His wild hair is gone but don't expect the associate conductor for the Colorado Symphony to have any less fun on the podium.
Clickety clack. That’s all Sergei Rachmaninoff heard as he practiced his new Piano Concerto No. 3 in advance of his big American tour, during which he would debut the piece. That’s because he finished the piece just before departing for the U.S. and didn't leave himself time to practice. He had to make do with practicing on a silent keyboard on the ship. When you hear how fiendishly difficult the piece is, it makes this story even more amazing.
A collection of exclusive holiday music from some of Colorado's finest classical musicians.
Sergei Rachmaninoff just wasn't hungry -- literally and figuratively. So, after the success of his Piano Concerto No. 2, he took the less obvious route for a composer and dedicated himself to conducting and teaching. He just wasn't craving that next big hit. It was rising political unrest that forced him into composing again.
Sergei Rachmaninoff finds himself in a funk. It’s been three years since the disastrous premiere of his Symphony No. 1 and the composer has barely written a note since then. His confidence is crushed. Self-doubt has crippled him. And it looks like his muse has left him. Enter the family intervention. In what becomes a persistent theme in Rachmaninoff’s life, his family insists that it’s time to get off the couch and back to composing. They send him to a doctor who has been experimenting with a new type of remedy: hypnotherapy. After months of positive talk therapy, and his family rooting for him, Sergei Rachmaninoff pulls off the greatest comeback story in classical music with his beloved Piano Concerto No. 2.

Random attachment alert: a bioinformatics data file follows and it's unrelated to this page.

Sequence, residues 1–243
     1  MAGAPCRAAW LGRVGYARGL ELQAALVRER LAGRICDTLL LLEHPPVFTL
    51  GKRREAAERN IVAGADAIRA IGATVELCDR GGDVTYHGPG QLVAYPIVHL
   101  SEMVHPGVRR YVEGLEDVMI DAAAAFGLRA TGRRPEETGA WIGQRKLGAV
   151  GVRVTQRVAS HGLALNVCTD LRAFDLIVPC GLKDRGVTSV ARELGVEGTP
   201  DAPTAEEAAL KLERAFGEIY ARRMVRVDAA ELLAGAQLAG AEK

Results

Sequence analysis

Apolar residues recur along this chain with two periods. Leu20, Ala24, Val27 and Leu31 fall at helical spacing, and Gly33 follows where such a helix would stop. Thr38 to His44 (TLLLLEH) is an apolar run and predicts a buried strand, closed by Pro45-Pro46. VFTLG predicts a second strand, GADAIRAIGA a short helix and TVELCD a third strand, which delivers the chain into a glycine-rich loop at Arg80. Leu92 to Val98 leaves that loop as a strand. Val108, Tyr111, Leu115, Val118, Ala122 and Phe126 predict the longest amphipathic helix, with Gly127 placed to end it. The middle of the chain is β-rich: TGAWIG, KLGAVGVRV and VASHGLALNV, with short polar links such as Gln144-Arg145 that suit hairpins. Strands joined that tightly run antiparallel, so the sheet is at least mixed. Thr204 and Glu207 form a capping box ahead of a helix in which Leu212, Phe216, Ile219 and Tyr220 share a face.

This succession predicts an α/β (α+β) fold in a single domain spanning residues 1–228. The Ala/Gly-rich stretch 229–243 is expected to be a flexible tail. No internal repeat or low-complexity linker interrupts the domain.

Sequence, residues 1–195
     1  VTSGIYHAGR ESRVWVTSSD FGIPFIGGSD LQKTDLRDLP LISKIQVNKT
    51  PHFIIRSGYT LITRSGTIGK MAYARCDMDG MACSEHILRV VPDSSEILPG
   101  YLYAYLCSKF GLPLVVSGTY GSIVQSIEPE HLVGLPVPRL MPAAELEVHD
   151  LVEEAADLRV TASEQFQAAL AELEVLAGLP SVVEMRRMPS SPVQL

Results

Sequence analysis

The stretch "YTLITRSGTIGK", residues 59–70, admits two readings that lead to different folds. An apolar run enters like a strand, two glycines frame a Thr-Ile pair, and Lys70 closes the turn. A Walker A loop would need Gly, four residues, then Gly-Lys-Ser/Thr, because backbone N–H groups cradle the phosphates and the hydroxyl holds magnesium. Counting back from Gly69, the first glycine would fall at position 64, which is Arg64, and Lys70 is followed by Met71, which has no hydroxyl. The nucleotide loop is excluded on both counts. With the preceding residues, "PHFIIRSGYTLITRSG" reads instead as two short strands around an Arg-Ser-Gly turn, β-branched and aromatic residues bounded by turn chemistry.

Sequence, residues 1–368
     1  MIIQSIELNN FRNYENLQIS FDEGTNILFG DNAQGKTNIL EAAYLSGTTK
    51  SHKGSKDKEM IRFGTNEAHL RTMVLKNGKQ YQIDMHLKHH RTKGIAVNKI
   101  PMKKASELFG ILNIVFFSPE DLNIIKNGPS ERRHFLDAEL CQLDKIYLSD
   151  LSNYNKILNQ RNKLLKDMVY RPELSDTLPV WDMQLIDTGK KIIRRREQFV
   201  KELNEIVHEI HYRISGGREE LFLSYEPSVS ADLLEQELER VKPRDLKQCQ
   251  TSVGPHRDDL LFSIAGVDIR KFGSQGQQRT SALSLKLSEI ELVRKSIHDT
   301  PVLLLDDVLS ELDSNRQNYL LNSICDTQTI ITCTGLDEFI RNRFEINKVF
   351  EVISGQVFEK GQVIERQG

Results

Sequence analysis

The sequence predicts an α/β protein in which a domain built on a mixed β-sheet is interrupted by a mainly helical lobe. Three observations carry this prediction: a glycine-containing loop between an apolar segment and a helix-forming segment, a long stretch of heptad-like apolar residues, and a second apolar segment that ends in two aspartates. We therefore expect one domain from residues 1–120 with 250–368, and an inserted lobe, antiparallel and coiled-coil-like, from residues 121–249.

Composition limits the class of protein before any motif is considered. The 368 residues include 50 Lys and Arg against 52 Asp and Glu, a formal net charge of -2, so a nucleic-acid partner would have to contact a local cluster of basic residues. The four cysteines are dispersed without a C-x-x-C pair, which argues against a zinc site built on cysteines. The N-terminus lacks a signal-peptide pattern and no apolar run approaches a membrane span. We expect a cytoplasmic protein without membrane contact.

Jordan Pal creates amazing sounds inspired by nature. You have to hear it to believe it.
Crouched low. Hiding in a fire escape backstage with his fingers plugging his ears. This is how Sergei Rachmaninoff experienced the premiere of his Symphony No. 1. What should have been a triumphant night for Rachmaninoff turned into a nightmare which only worsened once the review appeared in the newspaper. "Diseased and perverted harmonizations." "Morbid atmosphere." Fit for the "inhabitants of Hell." These were the words used by St. Petersburg's leading music critic, César Cui, in his review of Rachmaninoff's Symphony No. 1. That very public flogging sent Rachmaninoff into a downward spiral.
We all need a little help from friends, and one of Sergei Rachmaninoff's most supportive friends was none other than the great Russian composer Peter Tchaikovsky. Tchaikovsky cheered for Rachmaninoff from his box seat at concerts and paired their works together in concert. But just as Rachmaninoff started to find his footing as a composer, Tchaikovsky died unexpectedly. Tchaikovsky had come to play the role of mentor and father figure to Rachmaninoff when he was a student. The elder composer's sudden death was an immeasurable blow to the talented but insecure Rachmaninoff.
Why do we love Rachmaninoff's music so much? Is it the romantic themes? The dark, brooding undercurrents? Whatever it is, it's hooked listeners for more than a century. Our new miniseries on The Great Composers opens with a look at Rachmaninoff's Prelude in C-sharp minor.
Composer Benjamin Park felt exhausted during the 2016 election. He remembers the nonstop political coverage and the growing tension within the United States. He decided to write music that embodied the disconnect -- and addressed the division. Ben used portions of the melody from "America the Beautiful" to write a piece about the harsh political divide in our country. He also took inspiration from the majestic landscape of Boulder. You'll hear a recording of Benjamin Parks's "For Purple Mountains" in the CPR Performance Studio -- played by musicians from the Flatirons Chamber Music Festival -- on this episode of Centennial Sounds from CPR Classical and Colorado Public Radio.